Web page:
Weekly INsight: Data, Data Everywhere
Samuel Taylor Coleridge wrote this line in 1798: “Water, water everywhere, nor not a drop to drink.” The speaker in “The Rime of the Ancient Mariner” is a sailor on a becalmed ship surrounded by salt water that he cannot drink. Fast forward to 2018 and turn the water into data, and we have a new story, one that is filled with modern-day marketing challenges, often fueled by the sea of data surrounding modern-day marketers.
INsight #1 is no surprise; brands are awash in data, not in a becalmed marketplace but in a turbulent red ocean. The turbulent red ocean was the challenge posed by W. Chan Kim and Renée Mauborgne in their 2005 book, “Blue Ocean Strategy.” They proposed a system where companies can find noncompetitive markets where they can maximize their opportunities while minimizing risk. It worked for a few companies, like Cirque du Soleil, the Blue Ocean Strategy poster child. But not all brands were so fortunate. We have to wonder what ”data” elements the creators of Cirque du Soleil used to create their model.
INsight #2 suggests that the greatest challenge marketers face today is not that data is everywhere, but rather that we just do not know what to do with it. It’s difficult to organize. It’s difficult to manage. And it’s in a continual state of flux – quickly overriding what we just knew. More data should make a brand more relevant to its customers and should make the sales conversion rate from prospect to customer more efficient and streamlined. That has not happened. In study after study, we read that sales complains that marketing does not deliver quality leads, and marketing complains that sales does not follow up on leads because they think the leads are poor quality. Operations does not follow up on lost or under-performing customers in a timely way because no one has figured out how to best employ data-driven marketing automation.
The marketing challenge is that it is no longer enough to simply know your audience. Marketing teams need to understand what is driving the audience up to the point of purchase, the context leading to the final purchase decision and responding with the right message, creative and timing to grab their attention and push the decision-making forward to a sale.
Last week, I lectured a class of high school seniors in their Business and Economics class. My topic was to explain the old economic concept of “Factors of Production.” You know: Land, Labor, Capital and Entrepreneurship. I decided these four factors need to be updated and proposed the following seven factors:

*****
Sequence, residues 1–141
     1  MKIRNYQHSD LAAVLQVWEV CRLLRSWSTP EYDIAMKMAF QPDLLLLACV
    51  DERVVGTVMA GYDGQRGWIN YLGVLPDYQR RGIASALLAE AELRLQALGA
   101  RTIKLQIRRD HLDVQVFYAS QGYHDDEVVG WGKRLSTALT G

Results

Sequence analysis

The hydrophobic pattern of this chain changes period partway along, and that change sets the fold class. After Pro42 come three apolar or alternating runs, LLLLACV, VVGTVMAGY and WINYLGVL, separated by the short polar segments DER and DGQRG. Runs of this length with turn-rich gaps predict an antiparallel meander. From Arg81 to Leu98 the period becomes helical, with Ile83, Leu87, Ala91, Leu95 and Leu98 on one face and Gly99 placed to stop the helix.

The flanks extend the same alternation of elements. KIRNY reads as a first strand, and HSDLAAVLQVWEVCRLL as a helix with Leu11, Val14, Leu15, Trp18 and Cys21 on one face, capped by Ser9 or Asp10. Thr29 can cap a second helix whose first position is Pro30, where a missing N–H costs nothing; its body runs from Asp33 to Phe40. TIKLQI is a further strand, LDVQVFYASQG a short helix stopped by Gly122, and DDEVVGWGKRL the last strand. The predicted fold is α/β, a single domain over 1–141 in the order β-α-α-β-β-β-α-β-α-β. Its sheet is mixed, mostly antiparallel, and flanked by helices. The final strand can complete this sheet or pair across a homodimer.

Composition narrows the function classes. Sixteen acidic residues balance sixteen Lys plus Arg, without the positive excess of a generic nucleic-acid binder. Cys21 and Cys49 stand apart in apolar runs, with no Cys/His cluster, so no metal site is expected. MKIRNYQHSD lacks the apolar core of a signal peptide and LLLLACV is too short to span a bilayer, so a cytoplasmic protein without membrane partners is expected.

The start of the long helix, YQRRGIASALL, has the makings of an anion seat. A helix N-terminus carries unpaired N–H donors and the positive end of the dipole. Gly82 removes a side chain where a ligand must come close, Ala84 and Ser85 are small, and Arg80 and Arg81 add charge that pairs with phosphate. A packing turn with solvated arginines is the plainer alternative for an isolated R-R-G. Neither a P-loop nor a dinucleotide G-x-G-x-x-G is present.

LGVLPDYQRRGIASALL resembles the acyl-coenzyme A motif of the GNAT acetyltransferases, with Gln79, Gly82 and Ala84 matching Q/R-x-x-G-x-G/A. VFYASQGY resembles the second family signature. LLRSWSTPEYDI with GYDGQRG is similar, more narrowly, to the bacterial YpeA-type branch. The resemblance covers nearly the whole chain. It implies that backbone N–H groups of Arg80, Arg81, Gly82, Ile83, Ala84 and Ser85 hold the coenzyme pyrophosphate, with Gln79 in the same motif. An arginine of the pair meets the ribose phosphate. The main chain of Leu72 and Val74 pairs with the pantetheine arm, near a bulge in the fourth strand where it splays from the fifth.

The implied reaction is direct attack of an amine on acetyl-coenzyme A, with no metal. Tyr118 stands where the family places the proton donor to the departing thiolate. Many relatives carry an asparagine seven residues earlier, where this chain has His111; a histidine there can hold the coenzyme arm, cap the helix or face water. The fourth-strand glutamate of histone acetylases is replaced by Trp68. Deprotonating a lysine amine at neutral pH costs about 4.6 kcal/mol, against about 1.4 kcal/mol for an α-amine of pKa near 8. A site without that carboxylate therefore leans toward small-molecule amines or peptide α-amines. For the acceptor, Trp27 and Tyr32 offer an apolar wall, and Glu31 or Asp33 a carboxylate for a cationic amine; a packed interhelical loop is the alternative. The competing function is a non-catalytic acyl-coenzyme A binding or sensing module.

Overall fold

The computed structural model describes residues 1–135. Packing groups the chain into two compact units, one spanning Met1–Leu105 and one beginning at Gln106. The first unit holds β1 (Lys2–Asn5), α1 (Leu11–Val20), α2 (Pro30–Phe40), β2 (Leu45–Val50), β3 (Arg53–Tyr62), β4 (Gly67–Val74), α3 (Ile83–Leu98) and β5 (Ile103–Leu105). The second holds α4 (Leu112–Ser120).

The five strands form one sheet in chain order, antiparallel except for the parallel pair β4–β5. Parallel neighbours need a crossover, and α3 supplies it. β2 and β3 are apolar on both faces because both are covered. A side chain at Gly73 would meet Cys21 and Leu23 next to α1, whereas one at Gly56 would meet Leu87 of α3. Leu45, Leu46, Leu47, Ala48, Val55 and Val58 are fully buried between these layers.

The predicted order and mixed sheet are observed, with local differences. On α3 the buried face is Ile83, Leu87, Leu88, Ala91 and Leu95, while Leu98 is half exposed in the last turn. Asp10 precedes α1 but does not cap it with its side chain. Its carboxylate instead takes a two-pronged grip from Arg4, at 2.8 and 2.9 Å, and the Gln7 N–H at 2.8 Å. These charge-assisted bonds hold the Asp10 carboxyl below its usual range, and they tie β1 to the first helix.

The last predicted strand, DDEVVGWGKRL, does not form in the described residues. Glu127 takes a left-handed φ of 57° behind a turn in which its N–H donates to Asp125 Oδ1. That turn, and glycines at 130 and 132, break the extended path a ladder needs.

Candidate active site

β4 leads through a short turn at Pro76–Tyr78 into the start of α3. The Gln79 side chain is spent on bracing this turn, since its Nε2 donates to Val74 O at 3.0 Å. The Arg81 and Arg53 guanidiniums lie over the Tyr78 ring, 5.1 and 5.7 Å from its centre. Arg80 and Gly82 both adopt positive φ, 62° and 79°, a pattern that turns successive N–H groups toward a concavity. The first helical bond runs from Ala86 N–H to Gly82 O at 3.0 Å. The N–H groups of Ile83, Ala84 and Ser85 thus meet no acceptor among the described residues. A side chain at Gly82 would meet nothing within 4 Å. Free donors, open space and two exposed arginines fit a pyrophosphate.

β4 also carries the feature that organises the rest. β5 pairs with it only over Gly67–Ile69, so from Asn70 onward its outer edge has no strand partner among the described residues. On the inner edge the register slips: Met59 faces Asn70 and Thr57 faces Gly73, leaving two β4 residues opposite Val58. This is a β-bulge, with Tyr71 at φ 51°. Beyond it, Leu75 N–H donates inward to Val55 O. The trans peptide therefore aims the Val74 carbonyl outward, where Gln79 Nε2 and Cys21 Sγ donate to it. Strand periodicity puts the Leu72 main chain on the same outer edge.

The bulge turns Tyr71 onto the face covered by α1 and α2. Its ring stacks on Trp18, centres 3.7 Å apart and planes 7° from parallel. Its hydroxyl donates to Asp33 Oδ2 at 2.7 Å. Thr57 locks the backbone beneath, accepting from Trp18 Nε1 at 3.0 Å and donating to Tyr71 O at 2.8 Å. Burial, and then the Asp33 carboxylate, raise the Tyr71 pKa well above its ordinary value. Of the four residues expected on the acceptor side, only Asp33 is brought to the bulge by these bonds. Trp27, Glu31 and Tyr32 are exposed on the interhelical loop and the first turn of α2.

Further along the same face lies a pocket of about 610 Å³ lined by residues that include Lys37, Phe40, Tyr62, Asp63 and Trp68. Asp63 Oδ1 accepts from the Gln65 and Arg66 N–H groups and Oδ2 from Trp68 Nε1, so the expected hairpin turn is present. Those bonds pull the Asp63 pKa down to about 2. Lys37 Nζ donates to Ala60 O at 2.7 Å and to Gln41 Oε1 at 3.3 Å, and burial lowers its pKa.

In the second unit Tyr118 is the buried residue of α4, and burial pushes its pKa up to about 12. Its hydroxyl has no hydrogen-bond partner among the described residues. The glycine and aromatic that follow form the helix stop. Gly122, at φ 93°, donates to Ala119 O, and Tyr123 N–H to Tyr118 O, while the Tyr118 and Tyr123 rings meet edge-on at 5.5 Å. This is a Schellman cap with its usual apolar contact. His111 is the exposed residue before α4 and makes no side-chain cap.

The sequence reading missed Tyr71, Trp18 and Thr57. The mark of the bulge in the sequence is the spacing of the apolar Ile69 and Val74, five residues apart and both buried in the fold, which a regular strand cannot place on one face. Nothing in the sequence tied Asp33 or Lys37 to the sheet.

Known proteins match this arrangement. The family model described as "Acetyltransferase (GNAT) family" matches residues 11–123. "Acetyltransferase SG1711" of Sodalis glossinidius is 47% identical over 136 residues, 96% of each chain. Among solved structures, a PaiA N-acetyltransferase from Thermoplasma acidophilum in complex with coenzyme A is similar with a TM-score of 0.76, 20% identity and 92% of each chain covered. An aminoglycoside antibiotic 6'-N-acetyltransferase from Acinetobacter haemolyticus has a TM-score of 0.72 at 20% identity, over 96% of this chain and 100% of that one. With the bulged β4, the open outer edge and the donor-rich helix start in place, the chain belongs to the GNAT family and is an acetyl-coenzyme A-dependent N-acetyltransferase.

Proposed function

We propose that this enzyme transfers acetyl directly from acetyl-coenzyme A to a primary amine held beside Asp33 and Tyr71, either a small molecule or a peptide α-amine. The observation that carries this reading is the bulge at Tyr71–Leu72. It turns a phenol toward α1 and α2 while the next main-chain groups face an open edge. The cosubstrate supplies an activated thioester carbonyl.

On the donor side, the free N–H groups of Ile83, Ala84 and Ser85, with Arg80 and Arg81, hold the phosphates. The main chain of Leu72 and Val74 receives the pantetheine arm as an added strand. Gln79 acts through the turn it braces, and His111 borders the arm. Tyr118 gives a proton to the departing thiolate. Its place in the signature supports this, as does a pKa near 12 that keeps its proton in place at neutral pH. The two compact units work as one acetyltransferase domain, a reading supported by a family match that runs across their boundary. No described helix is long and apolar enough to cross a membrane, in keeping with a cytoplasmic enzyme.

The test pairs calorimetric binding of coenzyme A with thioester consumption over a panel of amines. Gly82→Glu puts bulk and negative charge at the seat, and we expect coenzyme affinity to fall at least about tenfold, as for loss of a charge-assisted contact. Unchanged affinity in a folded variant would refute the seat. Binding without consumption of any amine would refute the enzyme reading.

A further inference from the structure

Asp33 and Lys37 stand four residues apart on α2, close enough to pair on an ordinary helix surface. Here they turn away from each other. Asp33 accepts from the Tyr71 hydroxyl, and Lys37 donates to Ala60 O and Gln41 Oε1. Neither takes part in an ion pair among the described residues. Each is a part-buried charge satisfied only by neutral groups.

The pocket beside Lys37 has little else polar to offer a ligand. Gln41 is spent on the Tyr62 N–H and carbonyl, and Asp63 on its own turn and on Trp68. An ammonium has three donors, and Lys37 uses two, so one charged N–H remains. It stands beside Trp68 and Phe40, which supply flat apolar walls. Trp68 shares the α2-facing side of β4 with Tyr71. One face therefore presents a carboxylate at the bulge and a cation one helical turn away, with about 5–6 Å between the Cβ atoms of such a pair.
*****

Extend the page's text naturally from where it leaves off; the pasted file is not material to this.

- Technology – A defining role; think digitally
- Distribution – Delivering the goods and services
- Capital – Money and more
- Leadership – To build strategy
- Vision – Translating today into tomorrow
- Knowledge – Replaces brute force
- Team – This was labor; today it’s more
INsight #3 identifies a significant omission. DATA. How could I not highlight data as a key factor in doing business In the Age of NOW? I define data as the plankton that feeds the entire marketplace ecosystem and hope you agree. Just like the salty water Coleridge wrote about, data is everywhere, but we cannot consume it in its raw form to optimize business growth.
Thus, the new challenge – transforming data into knowledge. During the Q & A session after my high school talk, one student, who planned to study marketing, asked what aspect of marketing was most important. My immediate answer was to focus on “data science,” and if the school does not have such a curriculum, find a school that does. I’m not alone in this thinking. In a February 2, 2018, post from the World Economic Forum in Davos, McKinsey & Company noted two important trends on world business leaders’ minds:
- The application of Artificial Intelligence (AI), and, more importantly, advanced analytics “is generating more thoughtful and nuanced conversations.” Their reality is that machines cannot be effective on their own and need humans. The issue become how the machines can augment humans. Data is at the heart of AI. In the marketing ecosystem, data alone will not deliver outcomes that will propel inspiration to create the next sale.
- Finding talent – specifically data scientists. There are a limited number of these kinds of people according to McKinsey, so the competition is intense. This was augmented by comments indicating the need to train senior people and managers to understand how to work with these data scientists.
My fourth and closing INsight is that we don’t need more data scientists. We need DATA TRANSLATORS. Data is flooding the marketing ecosystem. Our challenge – to borrow a phrase from our president – is to “drain the swamp” and translate masses of disparate data streams into a clearly focused mosaic to guide marketing and management decisions that will create the mythical blue ocean we all dream about.
Bart Foreman – Executive Strategist @ Infinity Direct
Turning old ideas into new thought leadership